Monday, August 16, 2010

True Abundance Begets More

I've been thinking about the concept of abundance lately. We just passed Lammas (August 1) which, in the old European calendar, is the date of first harvest. Abundance is often a theme at harvest-time, and it's quite a concrete concept to those of us who have gardens overflowing with produce right about now. But then I thought, is that what abundance really means?

Well, to pre-modern peoples, it sure was. A huge harvest with plenty of grain sheaves, lots of fruits and vegetables drying in the rafters, meant a comfortable winter and the knowledge that you could make it without worry until the first spring greens pushed up out of the earth. Until recently in human history, abundance was food, pure and simple. The Irish goddess Tailltiu teaches us this; she was the foster-mother of Lugh, the god of light, and she provided her people with incredible abundance so they could be secure.
But over the course of the past century or two we've weaned ourselves away from the land and developed a complicated system of food production and delivery; few of us feel the power of row upon row of filled canning jars, the glory of a field full of wheat sheaves, any more. So what does abundance mean today?

I remember one of the first lessons my parents taught me about abundance, and over the years I've come to realize how wrong it was. It was simple, really: I wanted a big piece of cake and my mother demonstrated that if I chose a larger piece of cake, that meant my sister would get a smaller one. A cake is finite and concrete; its division follows the basic laws of classical physics.

Throughout my childhood my parents reinforced this concept over and over, the idea that if one person got more, other people got less. As I grew older I learned to feel bad when I did well financially because I was sure that meant that some nebulous 'other person' somewhere was doing worse because of me.

When I became an adult, I did reasonably well for myself. I worked hard, I behaved responsibly and I ended up with a lovely family and a beautiful home on a big piece of land, right next to a farm. And one day I found myself feeling bad that I had such a nice home, because that surely meant that someone else, somewhere, had to take something lesser.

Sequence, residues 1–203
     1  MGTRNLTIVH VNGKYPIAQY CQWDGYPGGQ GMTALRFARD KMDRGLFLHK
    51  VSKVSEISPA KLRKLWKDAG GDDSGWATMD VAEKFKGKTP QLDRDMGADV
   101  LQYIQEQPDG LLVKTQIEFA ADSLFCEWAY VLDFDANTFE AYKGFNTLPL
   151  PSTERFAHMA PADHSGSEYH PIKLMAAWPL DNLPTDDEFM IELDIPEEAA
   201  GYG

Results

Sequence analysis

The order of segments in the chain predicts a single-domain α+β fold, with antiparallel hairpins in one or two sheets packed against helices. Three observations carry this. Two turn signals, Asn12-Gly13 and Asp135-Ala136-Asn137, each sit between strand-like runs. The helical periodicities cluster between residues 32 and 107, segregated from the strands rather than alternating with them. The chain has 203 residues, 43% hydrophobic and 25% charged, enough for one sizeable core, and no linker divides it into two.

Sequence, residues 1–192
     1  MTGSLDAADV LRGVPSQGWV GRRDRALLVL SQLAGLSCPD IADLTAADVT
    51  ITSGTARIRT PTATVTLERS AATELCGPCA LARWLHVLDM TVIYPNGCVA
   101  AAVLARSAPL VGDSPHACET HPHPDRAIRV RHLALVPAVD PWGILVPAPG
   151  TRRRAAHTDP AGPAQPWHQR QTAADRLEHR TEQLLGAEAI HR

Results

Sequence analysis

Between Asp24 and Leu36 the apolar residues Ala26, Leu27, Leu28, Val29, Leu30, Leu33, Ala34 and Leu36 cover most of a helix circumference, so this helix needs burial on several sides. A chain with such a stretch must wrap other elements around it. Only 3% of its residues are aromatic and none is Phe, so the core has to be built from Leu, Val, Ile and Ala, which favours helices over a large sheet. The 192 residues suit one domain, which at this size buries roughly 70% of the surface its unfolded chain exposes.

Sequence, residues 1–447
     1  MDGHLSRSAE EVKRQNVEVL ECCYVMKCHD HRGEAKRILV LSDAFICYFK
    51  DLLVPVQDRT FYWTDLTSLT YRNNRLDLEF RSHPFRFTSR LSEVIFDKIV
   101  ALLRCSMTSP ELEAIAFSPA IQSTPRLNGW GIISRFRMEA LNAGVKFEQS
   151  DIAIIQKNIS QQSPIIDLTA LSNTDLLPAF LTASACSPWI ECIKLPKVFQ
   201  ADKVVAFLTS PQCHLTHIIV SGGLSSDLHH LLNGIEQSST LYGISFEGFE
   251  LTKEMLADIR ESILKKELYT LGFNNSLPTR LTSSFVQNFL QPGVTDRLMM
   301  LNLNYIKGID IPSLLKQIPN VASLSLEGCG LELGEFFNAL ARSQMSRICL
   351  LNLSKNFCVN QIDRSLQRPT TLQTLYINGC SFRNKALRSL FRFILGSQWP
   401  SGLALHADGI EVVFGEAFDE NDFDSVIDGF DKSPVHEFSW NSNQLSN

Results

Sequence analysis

And then Tailltiu thumped me in the head, and I realized how inaccurate that point of view is. I understand where it came from; my parents both grew up in poverty-stricken households. I'm sure everyone in their families looked at the wealthy and thought, "Look at how much they have. That's why we have nothing. They took it all."

But that's not really how it works, is it? Because that's not what real abundance is about. Abundance isn't a measure of concrete objects, whether it's piles of pumpkins or stacks of dollar bills. It's not a function of 'taking from others' - true abundance can't be like that, because it is a divine gift. A gift is not something you take; it is given, and you accept it. With gratitude.
Slowly, over the years, I've learned Tailltiu's lesson. It doesn't obey any of the 'laws' of physics or mathematics that we puny humans have invented, but I find that it is true nonetheless: When I open my heart to true abundance, I receive incredible gifts. And so do those around me. Everyone I touch, who also opens their heart to true abundance, receives more. Abundance pays itself forward generously.

We're not taking away from anyone. The underlying lesson of true abundance, its magic if you will, is that it is very closely akin to love: True abundance always begets more for everyone. It is infinite, and ever-increasing.

May you be blessed with true abundance in every aspect of your life, and may it radiate outward from you, like the divine love of which it is a blessed gift.